First-principles calculations

We performed calculations based on the density functional theory (DFT) using the QUANTUM ESPRESSO package50,51. We treated the ion–electron interaction with the fully relativistic pseudopotentials from the pslibrary (0.2) database52, and expanded the electron wave functions in a plane wave basis set with the cutoff of 80 Ry. The exchange and correlation interaction was taken into account within the generalized gradient approximation (GGA) parameterized by the Perdew, Burke, and Ernzerhof (PBE) functional53. The Te crystals were modeled using hexagonal unit cells containing three atoms, which were fully optimized with the convergence criteria for energy and forces set to 10−5 Ry and 10−4 Ry/Bohr, respectively. We applied the Hubbard correction calculated self-consistently using the ACBN0 method54, which value U5p = 3.81 eV was included in the relaxations and the electronic structure calculations. The lattice constants were optimized to a = b = 4.51 Å and c = 5.86 Å. TaSi2 was modeled in a hexagonal unit cell containing nine atoms. The lattice parameters were fixed to the experimental values a = b = 4.78 Å and c = 6.57 Å43, while the internal coordinates were relaxed. The BZ integrations were performed using the Monkhorst–Pack scheme with k-points grids of 22 × 22 × 16 and 16 × 16 × 12 for Te and TaSi2, respectively. The Gaussian smearing of 0.001 Ry was chosen as the orbital occupation scheme. SOC was included self-consistently in all the calculations.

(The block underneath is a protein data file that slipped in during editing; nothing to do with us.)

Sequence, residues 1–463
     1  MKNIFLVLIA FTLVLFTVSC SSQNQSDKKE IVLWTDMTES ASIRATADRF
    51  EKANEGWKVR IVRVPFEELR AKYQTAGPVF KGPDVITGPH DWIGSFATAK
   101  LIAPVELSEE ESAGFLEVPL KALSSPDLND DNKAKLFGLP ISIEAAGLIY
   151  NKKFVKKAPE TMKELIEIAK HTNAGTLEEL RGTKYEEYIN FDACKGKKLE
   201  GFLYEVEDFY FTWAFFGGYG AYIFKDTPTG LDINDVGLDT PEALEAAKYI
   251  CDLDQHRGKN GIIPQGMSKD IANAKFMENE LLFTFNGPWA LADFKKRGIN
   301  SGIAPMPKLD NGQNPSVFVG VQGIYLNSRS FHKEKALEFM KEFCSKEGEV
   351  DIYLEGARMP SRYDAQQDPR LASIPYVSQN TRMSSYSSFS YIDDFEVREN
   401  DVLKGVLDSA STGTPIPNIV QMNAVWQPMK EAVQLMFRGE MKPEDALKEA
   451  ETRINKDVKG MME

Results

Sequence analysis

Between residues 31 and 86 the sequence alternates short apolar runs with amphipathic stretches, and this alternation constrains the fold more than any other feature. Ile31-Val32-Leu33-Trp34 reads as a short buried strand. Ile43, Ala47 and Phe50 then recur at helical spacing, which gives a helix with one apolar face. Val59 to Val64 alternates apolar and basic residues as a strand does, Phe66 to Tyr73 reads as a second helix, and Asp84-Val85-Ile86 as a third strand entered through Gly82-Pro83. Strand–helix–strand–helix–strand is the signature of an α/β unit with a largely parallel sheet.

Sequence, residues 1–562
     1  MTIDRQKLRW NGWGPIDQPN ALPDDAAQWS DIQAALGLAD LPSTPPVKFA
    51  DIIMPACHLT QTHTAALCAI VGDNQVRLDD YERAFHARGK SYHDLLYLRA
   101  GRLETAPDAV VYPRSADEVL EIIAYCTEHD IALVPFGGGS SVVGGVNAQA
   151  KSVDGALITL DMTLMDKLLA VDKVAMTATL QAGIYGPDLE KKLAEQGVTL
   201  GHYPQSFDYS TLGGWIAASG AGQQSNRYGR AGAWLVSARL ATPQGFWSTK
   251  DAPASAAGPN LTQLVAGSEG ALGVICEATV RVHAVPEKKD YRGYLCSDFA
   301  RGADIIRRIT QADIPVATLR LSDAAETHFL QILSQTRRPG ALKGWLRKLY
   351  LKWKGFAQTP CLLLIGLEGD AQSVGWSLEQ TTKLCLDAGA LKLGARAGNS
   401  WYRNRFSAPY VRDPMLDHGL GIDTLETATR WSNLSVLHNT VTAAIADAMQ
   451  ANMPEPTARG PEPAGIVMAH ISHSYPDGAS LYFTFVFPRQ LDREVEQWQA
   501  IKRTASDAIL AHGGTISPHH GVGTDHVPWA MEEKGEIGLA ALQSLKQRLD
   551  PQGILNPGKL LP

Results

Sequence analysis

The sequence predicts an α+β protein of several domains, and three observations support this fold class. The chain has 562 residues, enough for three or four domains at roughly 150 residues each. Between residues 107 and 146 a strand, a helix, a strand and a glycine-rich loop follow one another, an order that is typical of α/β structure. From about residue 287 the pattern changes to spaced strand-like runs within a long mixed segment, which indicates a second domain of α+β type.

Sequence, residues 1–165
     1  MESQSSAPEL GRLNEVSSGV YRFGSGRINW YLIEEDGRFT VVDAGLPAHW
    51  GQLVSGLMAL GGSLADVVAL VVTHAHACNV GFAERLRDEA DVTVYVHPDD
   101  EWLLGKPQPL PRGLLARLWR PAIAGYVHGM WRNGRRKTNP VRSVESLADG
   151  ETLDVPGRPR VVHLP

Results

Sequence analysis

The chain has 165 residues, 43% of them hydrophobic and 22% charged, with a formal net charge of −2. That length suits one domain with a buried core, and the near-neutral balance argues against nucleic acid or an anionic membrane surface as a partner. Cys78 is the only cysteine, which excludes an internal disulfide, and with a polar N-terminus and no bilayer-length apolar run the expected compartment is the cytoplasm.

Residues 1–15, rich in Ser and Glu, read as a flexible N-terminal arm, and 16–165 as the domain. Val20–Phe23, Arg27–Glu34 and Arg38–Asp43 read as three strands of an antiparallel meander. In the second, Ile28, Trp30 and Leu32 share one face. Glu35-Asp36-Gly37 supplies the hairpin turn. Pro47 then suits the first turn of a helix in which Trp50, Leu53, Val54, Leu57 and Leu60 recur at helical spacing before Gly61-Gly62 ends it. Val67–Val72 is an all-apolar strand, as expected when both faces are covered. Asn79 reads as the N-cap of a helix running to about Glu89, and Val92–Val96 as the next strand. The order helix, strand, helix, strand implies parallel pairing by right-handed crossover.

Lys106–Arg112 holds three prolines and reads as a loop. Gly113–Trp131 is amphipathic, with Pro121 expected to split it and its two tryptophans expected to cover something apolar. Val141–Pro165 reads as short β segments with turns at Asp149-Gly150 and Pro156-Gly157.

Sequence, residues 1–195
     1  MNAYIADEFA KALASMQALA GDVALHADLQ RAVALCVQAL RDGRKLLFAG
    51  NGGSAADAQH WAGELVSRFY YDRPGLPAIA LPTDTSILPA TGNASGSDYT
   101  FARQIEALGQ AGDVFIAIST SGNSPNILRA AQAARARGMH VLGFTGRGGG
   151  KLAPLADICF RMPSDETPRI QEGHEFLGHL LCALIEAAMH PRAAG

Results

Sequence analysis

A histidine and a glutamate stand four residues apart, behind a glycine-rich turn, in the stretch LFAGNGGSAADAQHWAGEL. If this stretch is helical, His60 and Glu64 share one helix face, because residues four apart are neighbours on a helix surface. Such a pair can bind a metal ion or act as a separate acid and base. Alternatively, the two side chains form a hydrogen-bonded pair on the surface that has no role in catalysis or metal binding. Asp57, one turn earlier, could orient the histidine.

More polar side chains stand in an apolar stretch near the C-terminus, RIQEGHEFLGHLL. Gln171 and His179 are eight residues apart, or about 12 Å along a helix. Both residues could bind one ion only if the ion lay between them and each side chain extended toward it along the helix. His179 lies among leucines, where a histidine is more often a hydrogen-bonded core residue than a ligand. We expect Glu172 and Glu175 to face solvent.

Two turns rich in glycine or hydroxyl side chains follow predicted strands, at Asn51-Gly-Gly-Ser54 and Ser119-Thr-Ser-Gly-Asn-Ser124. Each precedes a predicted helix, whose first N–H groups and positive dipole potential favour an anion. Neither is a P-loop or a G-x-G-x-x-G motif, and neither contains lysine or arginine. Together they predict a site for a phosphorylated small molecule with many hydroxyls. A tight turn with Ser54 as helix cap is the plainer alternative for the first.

Spin transport calculations

Current-induced spin accumulation was evaluated as a post-processing step using the tight-binding (TB) approach implemented in the PAOFLOW code13,14. We have started with the ab initio wavefunctions, projecting them onto the pseudoatomic orbitals in order to construct accurate tight-binding (PAO) Hamiltonians55,56. We further interpolated these Hamiltonians onto ultra-dense k-points meshes of 140 × 140 × 110 for Te and 80 × 80 × 60 for TaSi2, and we directly evaluated the quantities that are required to compute spin accumulation from Eq.(4). In particular, the group velocities vk are calculated as Hamiltonian’s gradients (1/\(\hbar\))dH/dk, and the spin polarization of each eigenstate ψ(k) is automatically taken as the expectation value of the spin operator 〈ψ(k)Sψ(k)〉14. For an arbitrary energy E, the derivative of the Fermi distribution at zero temperature is equal to δ(EkE) which we approximated with a Gaussian function. For T > 0, we explicitly calculated the derivative of the Fermi–Dirac distribution. We note that the adaptive smearing method could not be applied in this case, and a larger k-grid of 140 × 140 × 100 had to be used to converge the calculation of TaSi2 (Fig. 4c). The influence of the temperature on the electronic structures was not taken into account.